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US Senate Passes New Regulations For Chinese Companies; Alibaba, Others Trade Down

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US Senate Passes New Regulations For Chinese Companies; Alibaba, Others Trade Down

The U.S. Senate approved a bill Wednesday that lead to the delisting of Chinese companies from U.S. stock exchanges.

The China Legislation

Senator John Kennedy submitted the Holding Foreign Companies Accountable Act for unanimous consent and the bill was approved without objection, reported MarketWatch.

The bill requires Chinese companies to establish that they are not owned or controlled by a foreign government. 

Why It's Important For Chinese Companies

The new legislation could deter Chinese companies from listing shares on U.S. exchanges and raising money from U.S. investors. Several China-based stocks fell on the news.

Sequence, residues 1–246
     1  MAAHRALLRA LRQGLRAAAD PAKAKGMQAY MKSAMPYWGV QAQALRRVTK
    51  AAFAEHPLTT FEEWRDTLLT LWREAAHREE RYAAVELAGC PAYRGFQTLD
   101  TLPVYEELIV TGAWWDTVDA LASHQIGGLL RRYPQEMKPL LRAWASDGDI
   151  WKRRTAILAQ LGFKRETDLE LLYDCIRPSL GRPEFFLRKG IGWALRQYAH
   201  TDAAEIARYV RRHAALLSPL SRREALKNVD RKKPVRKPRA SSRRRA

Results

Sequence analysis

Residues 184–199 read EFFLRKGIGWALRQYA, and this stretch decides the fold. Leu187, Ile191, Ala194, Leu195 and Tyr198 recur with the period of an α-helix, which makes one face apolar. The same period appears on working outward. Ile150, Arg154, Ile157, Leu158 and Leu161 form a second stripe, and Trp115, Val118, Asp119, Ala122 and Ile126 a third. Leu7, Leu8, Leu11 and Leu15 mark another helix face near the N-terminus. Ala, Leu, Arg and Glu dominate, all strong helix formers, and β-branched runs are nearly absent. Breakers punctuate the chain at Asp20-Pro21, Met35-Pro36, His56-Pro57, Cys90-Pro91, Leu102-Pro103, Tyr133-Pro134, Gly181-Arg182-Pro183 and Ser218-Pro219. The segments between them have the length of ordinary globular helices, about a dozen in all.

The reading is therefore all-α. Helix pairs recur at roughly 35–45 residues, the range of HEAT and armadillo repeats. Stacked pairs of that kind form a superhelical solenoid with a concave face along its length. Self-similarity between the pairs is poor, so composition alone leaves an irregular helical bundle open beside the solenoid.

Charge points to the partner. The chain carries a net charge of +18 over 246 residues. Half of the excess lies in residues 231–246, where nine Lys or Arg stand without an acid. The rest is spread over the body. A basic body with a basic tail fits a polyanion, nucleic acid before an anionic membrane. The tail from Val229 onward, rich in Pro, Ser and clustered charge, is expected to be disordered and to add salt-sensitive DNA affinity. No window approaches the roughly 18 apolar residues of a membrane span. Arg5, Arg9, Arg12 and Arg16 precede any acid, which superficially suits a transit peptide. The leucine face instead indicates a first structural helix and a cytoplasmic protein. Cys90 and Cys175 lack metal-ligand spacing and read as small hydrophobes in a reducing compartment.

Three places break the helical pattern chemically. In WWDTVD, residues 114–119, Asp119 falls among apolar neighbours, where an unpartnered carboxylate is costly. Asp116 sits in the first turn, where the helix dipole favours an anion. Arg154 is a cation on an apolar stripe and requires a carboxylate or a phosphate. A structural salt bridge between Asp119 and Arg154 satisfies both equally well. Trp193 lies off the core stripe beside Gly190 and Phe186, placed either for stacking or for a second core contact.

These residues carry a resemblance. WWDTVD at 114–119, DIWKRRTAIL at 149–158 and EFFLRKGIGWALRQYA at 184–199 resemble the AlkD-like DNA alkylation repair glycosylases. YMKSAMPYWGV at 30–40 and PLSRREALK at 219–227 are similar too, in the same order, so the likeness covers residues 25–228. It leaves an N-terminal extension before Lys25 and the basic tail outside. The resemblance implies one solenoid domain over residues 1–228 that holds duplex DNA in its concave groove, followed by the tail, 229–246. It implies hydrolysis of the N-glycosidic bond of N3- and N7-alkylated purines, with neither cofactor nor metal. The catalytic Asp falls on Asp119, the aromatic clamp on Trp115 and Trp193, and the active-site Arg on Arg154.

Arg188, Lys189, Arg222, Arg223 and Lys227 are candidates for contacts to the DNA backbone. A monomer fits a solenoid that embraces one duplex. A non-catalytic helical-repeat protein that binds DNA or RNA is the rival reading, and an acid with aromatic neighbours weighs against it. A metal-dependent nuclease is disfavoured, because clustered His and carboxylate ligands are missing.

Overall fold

Alibaba Group Holding (NYSE: BABA) shares were trading down 1.4% at $214.55 on Wednesday. The stock has a 52-week high of $231.14 and a 52-week low of $147.95.

Baidu (NASDAQ: BIDU) shares were trading down 1.4% at $108.21. The stock has a 52-week high of $147.38 and a 52-week low of $82.

JD.Com Inc (NASDAQ: JD) shares were trading down 0.55% at $53.96. The stock has a 52-week high of $56.50 and a 52-week low of $25.48.

What's Next

The bill next heads to the Democratic-controlled House of Representatives for consideration. 

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